A plaque remaining from the Big Apple Night Club at West 135th Street and Seventh Avenue in Harlem.

Above, a 1934 plaque from the Big Apple Night Club at West 135th Street and Seventh Avenue in Harlem. Discarded as trash in 2006. Now a Popeyes fast food restaurant on Google Maps.

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Entry from December 20, 2009
“Forgive your enemies, but don’t forget their names”

“Forgive your enemies, but don’t/never forget their names” (or “Forgive your enemies, but always remember their names”) is a quotation attributed to both John F. Kennedy (1917-1963) and Robert F. Kennedy (1925-1968). The earliest known citation of the quotation, however, appears to be 1981.
 
   
Wikiquote: Enemies
Unsourced
Forgive your enemies, but never forget their names.
John F. Kennedy
 
Google Books
The Yale Book of Quotations
Edited by Fred R. Shapiro
New Haven, CT: Yale University Press
2006
Pg. 423:
Robert F. Kennedy
U.S. politician, 1925-1968
“Always forgive your enemies—but never forget their names.”
Quoted in Nancy McPhee, The Second Book of Insults (1981)
     
Google Books
6 May 1981, Ellensburg (WA) Daily Record, “A little land, lots of water” by Louis M. Boyd, pg. 22, col. 1:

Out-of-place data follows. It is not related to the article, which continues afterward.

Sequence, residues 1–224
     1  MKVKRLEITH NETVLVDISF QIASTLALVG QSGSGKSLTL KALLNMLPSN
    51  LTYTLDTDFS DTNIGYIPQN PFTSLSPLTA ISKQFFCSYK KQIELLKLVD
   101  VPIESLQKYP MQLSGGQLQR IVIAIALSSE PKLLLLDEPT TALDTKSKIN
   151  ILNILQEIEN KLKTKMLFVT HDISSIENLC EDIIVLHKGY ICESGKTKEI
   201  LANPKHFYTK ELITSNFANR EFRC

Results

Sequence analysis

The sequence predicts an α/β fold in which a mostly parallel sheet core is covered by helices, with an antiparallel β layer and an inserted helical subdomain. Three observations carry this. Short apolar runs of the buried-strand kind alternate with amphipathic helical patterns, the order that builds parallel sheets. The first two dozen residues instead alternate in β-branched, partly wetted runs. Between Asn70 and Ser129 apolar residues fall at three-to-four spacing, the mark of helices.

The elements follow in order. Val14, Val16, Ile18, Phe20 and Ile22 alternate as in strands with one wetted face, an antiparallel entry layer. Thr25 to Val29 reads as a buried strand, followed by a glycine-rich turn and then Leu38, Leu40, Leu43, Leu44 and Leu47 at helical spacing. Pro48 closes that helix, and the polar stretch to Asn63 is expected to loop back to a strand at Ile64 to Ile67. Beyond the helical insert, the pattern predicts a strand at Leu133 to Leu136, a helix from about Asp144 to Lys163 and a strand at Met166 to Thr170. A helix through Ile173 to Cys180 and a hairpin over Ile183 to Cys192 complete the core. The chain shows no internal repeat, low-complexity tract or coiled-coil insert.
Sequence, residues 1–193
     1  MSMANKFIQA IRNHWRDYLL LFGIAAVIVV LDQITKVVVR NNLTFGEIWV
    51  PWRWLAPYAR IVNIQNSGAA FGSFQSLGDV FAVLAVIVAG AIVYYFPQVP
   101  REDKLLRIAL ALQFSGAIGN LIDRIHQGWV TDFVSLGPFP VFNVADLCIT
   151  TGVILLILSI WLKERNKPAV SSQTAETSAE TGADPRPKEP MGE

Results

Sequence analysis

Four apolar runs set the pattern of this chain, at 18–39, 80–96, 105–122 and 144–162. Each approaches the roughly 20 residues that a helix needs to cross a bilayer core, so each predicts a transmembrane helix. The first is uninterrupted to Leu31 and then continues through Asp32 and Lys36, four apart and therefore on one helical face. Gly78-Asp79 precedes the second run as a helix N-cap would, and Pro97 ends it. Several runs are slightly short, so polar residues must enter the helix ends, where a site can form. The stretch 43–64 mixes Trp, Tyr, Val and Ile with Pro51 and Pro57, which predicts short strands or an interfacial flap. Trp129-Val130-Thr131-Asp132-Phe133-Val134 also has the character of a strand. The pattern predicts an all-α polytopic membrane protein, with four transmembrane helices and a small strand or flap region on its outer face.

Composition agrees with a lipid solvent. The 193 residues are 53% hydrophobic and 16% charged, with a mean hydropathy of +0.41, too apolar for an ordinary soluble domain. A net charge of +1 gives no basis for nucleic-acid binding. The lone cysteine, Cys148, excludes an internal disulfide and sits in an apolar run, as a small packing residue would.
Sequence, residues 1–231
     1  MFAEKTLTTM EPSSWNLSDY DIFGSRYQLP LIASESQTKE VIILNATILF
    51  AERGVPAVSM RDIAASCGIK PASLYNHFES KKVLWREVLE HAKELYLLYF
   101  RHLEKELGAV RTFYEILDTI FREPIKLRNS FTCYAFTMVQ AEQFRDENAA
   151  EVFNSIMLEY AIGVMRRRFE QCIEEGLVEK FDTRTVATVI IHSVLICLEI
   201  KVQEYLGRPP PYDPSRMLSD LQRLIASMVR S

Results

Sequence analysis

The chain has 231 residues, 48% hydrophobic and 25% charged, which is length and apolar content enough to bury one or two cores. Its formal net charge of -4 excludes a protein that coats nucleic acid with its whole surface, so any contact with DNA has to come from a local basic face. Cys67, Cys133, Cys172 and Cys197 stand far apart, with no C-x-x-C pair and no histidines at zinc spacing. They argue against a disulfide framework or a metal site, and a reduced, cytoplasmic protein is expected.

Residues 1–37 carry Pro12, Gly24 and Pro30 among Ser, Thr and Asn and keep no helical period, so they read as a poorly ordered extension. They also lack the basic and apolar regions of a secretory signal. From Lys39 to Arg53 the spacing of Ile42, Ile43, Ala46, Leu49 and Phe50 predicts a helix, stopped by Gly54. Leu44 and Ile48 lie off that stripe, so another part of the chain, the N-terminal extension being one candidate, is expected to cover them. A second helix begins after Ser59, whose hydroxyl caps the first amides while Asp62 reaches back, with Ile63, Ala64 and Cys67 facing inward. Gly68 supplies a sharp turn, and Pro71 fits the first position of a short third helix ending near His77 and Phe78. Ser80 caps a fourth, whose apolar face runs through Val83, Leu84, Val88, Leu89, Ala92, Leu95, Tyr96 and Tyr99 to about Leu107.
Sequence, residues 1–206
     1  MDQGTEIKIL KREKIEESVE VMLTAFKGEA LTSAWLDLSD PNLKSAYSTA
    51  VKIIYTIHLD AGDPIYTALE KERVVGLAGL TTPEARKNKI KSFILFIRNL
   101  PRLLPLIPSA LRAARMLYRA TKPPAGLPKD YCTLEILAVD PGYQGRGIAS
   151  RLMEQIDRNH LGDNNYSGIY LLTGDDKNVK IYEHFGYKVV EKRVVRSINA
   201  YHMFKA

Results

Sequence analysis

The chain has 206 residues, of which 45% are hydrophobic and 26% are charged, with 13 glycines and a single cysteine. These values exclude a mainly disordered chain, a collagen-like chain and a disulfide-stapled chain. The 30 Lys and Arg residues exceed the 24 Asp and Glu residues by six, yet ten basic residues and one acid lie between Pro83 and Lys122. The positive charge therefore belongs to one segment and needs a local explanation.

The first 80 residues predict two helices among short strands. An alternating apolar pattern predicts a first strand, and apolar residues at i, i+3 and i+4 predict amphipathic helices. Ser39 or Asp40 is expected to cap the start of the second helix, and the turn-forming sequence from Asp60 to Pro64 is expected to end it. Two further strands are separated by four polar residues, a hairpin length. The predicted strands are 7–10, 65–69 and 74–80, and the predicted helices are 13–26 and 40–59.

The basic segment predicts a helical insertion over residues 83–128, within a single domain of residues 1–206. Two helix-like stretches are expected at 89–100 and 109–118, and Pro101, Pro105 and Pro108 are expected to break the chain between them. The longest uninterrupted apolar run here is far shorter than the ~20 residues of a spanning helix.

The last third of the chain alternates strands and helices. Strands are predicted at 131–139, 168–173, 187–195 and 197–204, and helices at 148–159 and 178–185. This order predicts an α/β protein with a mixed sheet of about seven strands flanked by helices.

Was none other than president John F. Kennedy who said: “Forgive your enemies, but never forget their names.”
 
Google News Archive
17 September 1983, Kentucky New Era (Hopkinsville, KY), pg. 4, col. 5:
As John F. Kennedy said, “Forgive your enemies, but don’t forget their names.”
 
Google Books
Mayor
By Ed Koch with William Rauch
New York, NY: Simon and Schuster
1984
Pg. 98:
I remembered what his brother Jack had said: “Forgive your enemies, but never forget their names,” and I quoted it to him.
 
Google Books
Portrait in Oil
By Charles Fox
Garden City, NY: Doubleday
1984
Pg. 288:
“I figured they’d know the rule: forgive your enemies but don’t forget their names.”
     
Forbes.com
On the Business of Life
10.18.99
(...)
Forgive your enemies, but never forget their names. -JOHN F. KENNEDY

Posted by Barry Popik
New York CityGovernment/Law/Military/Religion /Health • Sunday, December 20, 2009 • Permalink


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